- recognise and validate competences and qualifications;

    - inform, support and provide guidance;

    - mobilise resources

  • Joint Labour Market Analysis, 2007

    - ESP have opened negotiations on disadvantaged people furthest from the labour market to reach a Framework agreement

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New European initiatives: EQF and ECVET innovative tools

  • EQF and ECVET tools to improve comparison & validation of qualifications in Europe

  • Creates more transparency and enhances geographical and occupational mobility in Europe

  • Needs employers fully engaged and committed & involves the company as a key actor in the process of evaluation, recognition and validation of skills and competences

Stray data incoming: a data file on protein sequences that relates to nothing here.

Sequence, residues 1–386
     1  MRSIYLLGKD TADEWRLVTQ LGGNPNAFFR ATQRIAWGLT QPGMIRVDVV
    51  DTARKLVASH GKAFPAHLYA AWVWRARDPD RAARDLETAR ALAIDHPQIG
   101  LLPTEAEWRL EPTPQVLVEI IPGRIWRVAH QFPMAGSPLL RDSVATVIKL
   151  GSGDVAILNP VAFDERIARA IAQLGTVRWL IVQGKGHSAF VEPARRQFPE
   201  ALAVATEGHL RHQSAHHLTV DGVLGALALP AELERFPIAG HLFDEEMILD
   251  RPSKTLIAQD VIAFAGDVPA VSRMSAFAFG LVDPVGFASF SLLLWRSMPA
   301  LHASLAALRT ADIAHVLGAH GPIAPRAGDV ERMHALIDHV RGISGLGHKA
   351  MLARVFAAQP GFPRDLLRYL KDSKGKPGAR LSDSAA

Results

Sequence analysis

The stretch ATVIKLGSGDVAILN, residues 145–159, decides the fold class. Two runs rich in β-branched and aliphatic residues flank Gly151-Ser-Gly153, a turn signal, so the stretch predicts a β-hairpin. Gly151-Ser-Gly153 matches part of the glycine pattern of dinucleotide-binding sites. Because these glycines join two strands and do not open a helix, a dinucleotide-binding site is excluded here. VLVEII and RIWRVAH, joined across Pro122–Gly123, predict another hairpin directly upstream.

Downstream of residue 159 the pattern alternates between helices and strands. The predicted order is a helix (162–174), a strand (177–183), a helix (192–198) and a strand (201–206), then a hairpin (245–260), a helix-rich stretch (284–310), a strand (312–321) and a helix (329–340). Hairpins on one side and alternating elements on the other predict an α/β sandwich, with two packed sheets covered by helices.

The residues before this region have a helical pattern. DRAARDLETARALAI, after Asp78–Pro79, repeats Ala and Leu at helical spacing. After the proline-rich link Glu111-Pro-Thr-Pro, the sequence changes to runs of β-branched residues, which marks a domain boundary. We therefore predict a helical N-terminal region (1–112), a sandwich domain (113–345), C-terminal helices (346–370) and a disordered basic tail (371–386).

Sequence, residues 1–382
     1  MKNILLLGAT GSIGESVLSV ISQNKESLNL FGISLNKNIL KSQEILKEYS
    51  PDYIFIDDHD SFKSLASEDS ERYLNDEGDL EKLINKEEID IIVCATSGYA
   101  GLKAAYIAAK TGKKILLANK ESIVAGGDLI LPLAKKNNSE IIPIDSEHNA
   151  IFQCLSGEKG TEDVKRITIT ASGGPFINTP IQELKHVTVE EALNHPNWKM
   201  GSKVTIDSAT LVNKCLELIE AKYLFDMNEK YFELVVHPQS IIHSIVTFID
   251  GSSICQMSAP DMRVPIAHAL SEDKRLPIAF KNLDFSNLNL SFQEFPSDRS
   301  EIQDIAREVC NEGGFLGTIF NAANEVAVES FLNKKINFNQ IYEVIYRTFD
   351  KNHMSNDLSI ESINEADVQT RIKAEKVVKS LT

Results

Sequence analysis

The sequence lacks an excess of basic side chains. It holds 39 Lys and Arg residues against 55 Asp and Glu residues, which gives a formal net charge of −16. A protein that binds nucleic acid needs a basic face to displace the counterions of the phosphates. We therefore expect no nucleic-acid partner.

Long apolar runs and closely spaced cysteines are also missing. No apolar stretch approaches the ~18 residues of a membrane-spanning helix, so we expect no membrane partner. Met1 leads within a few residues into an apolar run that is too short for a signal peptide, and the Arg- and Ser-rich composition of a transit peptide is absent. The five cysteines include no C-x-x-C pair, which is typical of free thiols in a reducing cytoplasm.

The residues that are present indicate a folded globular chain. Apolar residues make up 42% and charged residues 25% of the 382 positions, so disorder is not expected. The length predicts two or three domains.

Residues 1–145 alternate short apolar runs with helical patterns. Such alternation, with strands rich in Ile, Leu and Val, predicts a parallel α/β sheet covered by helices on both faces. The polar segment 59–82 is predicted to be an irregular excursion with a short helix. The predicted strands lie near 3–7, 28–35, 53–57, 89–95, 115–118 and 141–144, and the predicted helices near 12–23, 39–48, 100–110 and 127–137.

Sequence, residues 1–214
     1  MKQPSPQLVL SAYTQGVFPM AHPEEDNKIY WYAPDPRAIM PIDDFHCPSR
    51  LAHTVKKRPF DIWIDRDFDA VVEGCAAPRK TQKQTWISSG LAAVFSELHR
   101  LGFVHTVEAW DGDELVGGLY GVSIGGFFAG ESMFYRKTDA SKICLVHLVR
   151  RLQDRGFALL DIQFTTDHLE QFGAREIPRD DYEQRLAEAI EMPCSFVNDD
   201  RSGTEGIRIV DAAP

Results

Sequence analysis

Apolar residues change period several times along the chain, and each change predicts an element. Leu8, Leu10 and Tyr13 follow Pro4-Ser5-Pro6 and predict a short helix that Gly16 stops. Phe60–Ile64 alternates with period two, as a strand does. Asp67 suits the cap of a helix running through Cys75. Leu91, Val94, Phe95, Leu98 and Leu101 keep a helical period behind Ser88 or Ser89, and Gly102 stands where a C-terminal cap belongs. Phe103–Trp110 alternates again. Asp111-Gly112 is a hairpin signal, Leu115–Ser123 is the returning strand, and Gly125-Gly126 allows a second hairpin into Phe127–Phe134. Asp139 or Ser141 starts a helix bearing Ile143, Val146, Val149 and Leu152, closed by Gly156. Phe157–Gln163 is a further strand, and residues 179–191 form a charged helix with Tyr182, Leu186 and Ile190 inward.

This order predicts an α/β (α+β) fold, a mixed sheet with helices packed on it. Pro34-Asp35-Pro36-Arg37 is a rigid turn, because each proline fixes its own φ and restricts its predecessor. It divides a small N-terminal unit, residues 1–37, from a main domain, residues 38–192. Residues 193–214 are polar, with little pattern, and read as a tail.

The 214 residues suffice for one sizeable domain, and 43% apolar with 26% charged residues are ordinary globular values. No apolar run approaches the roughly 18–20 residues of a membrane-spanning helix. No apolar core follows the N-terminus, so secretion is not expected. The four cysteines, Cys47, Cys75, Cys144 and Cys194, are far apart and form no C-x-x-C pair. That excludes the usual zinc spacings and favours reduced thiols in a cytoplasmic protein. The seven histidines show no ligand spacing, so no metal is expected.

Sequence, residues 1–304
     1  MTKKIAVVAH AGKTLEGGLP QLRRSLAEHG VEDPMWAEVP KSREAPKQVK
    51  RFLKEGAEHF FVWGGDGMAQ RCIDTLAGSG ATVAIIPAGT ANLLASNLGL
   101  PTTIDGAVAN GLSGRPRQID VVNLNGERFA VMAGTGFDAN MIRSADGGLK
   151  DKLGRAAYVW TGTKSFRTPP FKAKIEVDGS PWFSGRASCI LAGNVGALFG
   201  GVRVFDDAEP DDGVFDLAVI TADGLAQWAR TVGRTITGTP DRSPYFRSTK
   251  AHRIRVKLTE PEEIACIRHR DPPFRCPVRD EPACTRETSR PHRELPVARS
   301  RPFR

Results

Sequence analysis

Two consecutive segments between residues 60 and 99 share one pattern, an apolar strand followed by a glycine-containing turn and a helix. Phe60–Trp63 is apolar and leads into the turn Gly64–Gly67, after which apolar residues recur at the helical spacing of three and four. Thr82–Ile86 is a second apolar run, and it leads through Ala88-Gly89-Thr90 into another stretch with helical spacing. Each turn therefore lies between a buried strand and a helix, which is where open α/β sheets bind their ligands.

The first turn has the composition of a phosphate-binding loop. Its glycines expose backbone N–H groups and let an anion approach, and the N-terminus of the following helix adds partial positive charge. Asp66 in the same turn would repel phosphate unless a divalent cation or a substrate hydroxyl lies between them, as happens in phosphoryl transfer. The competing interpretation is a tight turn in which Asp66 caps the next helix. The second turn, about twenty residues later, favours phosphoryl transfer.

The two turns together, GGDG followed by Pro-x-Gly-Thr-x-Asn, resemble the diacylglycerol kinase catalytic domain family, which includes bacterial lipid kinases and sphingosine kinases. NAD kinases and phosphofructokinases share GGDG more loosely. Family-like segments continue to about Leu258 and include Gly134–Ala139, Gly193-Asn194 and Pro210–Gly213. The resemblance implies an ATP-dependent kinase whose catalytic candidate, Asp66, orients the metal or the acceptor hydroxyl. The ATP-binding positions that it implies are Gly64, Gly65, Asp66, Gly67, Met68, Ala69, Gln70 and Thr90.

• It can be useful for the management of competences within the company

  • It gives all the actors the possibility to reshape the education and training systems

  • Contributes to providing skills adapted to the needs of the labour market

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SME company perspective:Qualifications need to meet business needs

  • SMEs need better educated and trained employees to increase competitiveness and support growth

  • Productivity and performance needs to be improved by linking training to business strategy

  • Lack of qualified workforce

    - Mismatch between education and training programmes and labour market needs

    - Lack of attractiveness of certain sectors where SMEs are predominant

    - Poor status of VET towards pupils and parents

    - Difficulty to hire and retain qualified employees